BAUMANN:        No, we very seldom--didn't come to town unless we needed groceries or something. My dad used to come in once a week, but the family did not go.

ARDEN: Tell me a little where you lived in the country, because that would be interesting. What was that like? Was it green, did it have trees, did you have irrigation? I want to concentrate on that part of the county.

BAUMANN:        Well, it was very much of a surprise to us, because we came from Oregon on dry farms, down here. And to have irrigation water and water it when you wanted it to irrigate what you wanted to was quite a surprise and a delight, really.

ARDEN: What were some of the crops or produce or animals that you had on your place?

BAUMANN:        Well, my parents had cows--we milked about eighteen cows all the time, and we sold cream and fed the skim milk to the pigs for our own use. But that was about the main crop except for the alfalfa. We also raised cantaloupes.

ARDEN: But now you said you married and you moved to the country. Did you have a small farm or ranch?

BAUMANN:        Well, yes, we lived within two miles of where I was raised, and we had a ranch and did alfalfa and cows, just like everybody else did. Everybody had to have a few cows.

ARDEN: I want you to describe in quite detail, your place after you married: the land around it, how many acres, and the house, and your kind of a life on that ranch after your marriage.

BAUMANN: Well, we didn't own a place for a few years after we were married. We rented, or leased places, like, three years at a time, and ran alfalfa, chickens and turkeys, and always milk cows.

ARDEN: Did you plant any orchards or vegetables or fruit trees?

BAUMANN:        Well, nearly everybody planted fruit trees, a few of them. They didn't always grow, but they always planted them. But a lot of the times we raised cantaloupes when the cantaloupe season was on. In fact, just generally run alfalfa ranches.

ARDEN: Tell me about the irrigation there. By then, while you lived there, did those ditches get cemented? Did the irrigation system change?

BAUMANN:        Yes, it changed dramatically. There wasn't no cement ditches when we first came here--not for many, many years--not until after I think the CC boys came in here and helped cement the first ditches. People could not afford to do that.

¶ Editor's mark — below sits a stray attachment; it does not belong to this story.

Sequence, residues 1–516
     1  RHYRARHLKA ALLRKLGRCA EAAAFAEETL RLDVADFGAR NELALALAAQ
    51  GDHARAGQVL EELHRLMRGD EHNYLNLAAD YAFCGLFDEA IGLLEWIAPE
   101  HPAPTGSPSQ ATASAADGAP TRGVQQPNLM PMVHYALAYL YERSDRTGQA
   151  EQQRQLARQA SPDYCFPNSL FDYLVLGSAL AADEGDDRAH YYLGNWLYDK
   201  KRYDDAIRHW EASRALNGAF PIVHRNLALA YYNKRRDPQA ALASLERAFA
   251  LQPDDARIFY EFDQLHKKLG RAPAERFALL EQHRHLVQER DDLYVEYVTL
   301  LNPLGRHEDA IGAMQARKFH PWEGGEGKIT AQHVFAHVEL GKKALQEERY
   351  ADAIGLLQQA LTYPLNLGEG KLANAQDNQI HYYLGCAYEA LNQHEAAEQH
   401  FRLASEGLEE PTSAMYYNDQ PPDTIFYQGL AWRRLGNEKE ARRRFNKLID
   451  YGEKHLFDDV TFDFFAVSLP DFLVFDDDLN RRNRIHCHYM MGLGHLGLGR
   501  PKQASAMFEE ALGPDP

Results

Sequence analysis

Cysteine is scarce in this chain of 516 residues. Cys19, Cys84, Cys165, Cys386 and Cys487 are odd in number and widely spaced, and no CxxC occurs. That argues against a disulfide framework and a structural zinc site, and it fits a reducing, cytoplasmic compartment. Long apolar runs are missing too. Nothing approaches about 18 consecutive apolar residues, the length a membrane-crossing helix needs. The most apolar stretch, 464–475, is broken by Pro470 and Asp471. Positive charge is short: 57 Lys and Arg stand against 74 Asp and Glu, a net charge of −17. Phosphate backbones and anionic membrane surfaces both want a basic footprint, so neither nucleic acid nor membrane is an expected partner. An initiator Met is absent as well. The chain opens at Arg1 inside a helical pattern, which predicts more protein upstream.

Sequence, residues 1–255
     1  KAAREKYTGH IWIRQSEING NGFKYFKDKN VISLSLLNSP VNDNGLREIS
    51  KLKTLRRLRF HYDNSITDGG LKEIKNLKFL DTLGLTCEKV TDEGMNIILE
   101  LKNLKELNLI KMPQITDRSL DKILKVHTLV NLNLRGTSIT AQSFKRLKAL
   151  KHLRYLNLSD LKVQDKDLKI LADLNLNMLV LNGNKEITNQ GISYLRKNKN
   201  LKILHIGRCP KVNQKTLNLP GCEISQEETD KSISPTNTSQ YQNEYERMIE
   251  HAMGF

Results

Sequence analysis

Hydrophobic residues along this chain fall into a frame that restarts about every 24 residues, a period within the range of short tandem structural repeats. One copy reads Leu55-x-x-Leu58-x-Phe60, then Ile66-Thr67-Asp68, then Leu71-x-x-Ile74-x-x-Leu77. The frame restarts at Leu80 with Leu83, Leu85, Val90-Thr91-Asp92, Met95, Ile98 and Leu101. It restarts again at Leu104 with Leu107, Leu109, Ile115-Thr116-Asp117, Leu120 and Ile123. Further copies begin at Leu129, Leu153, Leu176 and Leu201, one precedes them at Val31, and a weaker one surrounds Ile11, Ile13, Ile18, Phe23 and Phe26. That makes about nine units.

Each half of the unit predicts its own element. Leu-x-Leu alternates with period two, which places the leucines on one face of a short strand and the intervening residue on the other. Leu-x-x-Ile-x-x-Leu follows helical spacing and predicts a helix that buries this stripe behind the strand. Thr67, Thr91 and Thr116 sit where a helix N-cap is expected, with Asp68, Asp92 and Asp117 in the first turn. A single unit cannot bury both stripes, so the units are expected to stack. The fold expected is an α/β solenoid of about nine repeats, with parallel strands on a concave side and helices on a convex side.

ARDEN: Were yours part of the work by the CCC?

BAUMANN:        My husband worked for the CC--he was a foreman for the CC boys.

ARDEN: Did he tell you very much about that experience? Did he talk about the workers and where they might have come from and the variety of kinds of young men who came?

BAUMANN:        Well, I presume so, but I don't remember those kind of things, you know.

ARDEN: Did they work all over the county? Did he supervise them in the work on the ditches and the cementing and the cleaning of the canals?

BAUMANN:        Yes, this is true. They worked everywhere in the county. They had their own buildings and all in fact, one of the CC buildings is the VFW hall at the present time,

ARDEN: I notice your husband worked for TCID. Is that when he supervised the CCC?

BAUMANN:        Well, I can't say that for sure. I think it was a little before he worked for TCID.

ARDEN: When he worked for the TCID, what were his responsibilities then?

BAUMANN: He worked with the drag lines. There was a supervisor on the drag line that run it that lived down at Stillwater, and my husband was what they called the oiler for the drag line.

ARDEN: Now for those of us who aren't accustomed to that, can you describe to me what a drag line is, and what it does?

BAUMANN:        A drag line is a big machine that digs the ditches, or cleans them out or whatever had to be done in the district. In other words, they prepared the water to go through without weeds or anything like that. That was before they had cement ditches.

ARDEN: So then he worked quite early. Do you remember the time period that he worked for TCID?

BAUMANN:        Well, he practically worked for 'em 'til he passed away, but various times, not always. During the war he worked in Hawthorne, and didn't work for TCID. But he worked for TCID quite a lot.

ARDEN: In some of the interviews, I hear about people swimming in the ditches, and yesterday Mr. Woodliff told me they went ice skating on the frozen ditches. Tell me if you enjoyed them for recreation.